Do children understand feelings beyond being happy, sad or afraid? A new study has suggested that as children reach four years of age, they are ready for conversations about complex feelings and parents can help them learn and navigate more complex feelings like pride, optimism, disappointment and frustration.
For the study, a group of preschool children participated in a staged contest in which it had already been decided who would be victorious. The researchers observed that the winners, even the two-year-olds, showed some obvious swagger- heads held high, chests puffed out, hands on hips in a victorious power pose. The psychologists who staged the contest, later asked the children to choose from a set of four pictures the one that best shows how they feel.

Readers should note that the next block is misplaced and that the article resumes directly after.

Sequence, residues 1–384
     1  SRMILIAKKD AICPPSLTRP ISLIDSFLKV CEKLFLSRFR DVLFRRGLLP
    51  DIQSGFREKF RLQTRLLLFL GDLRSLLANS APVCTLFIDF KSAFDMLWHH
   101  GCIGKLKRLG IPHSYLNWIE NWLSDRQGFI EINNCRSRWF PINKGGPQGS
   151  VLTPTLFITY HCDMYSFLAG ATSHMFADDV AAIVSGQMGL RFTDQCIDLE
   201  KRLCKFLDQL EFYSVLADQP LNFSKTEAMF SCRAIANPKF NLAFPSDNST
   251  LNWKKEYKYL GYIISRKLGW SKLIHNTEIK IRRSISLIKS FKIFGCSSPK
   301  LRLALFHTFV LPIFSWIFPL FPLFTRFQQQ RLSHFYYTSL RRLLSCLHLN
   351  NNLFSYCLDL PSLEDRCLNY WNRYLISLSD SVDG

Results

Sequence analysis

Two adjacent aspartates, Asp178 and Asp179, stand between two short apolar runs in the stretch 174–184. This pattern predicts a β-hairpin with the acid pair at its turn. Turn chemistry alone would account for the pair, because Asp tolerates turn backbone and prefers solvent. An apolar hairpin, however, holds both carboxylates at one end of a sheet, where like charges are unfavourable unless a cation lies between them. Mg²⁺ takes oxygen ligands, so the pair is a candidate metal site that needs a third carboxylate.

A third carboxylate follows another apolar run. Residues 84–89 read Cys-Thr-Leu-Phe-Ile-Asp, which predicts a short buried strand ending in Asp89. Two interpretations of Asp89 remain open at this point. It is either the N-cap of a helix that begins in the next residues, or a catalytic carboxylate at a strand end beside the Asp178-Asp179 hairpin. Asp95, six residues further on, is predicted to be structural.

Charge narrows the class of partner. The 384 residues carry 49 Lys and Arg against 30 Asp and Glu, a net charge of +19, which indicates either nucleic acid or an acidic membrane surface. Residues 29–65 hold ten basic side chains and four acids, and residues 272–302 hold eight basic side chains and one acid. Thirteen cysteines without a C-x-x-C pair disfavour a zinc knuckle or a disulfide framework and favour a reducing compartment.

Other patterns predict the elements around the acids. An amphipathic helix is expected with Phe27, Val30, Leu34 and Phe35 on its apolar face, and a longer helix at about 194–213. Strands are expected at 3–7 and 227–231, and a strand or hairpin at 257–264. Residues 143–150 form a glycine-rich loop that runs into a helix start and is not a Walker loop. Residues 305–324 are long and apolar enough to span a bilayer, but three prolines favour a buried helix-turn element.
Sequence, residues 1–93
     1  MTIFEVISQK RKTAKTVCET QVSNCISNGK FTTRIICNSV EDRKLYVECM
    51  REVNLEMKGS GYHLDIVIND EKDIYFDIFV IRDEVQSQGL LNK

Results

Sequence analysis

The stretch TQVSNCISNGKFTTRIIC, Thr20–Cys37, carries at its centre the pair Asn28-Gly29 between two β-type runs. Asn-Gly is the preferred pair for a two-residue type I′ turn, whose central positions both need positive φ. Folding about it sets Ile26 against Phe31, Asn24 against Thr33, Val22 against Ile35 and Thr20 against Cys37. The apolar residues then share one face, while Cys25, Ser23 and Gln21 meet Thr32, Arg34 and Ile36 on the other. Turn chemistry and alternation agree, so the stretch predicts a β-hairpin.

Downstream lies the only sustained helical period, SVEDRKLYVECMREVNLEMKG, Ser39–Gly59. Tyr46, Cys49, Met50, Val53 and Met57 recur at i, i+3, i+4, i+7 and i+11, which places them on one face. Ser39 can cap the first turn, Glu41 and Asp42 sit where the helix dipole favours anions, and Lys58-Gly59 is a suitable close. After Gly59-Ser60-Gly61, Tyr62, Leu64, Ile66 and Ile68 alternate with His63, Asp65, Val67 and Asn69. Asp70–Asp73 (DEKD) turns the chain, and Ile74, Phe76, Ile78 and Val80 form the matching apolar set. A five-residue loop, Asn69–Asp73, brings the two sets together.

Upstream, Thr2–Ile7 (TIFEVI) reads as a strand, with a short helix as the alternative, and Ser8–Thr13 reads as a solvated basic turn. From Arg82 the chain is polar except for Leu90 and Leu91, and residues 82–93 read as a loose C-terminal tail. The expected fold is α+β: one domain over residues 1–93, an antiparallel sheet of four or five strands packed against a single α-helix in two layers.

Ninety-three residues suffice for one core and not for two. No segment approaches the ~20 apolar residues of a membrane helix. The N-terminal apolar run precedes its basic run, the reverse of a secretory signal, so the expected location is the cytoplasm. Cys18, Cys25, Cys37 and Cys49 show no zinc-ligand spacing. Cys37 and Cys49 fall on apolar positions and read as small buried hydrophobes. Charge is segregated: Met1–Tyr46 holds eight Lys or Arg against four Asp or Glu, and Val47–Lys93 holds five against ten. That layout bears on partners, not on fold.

The children involved in the study recognized pride in other people at four years of age. They could see it in themselves at five years. The researchers said, "The results suggest that children get ready for conversations about complex feelings at age four."
One of the researchers Ross Flom, psychology professor at Brigham Young University in the US, said, "When parents talk to their kids about emotions, those children demonstrate better emotional regulation as they get older."
The research is published in the Journal of Experimental Child Psychology.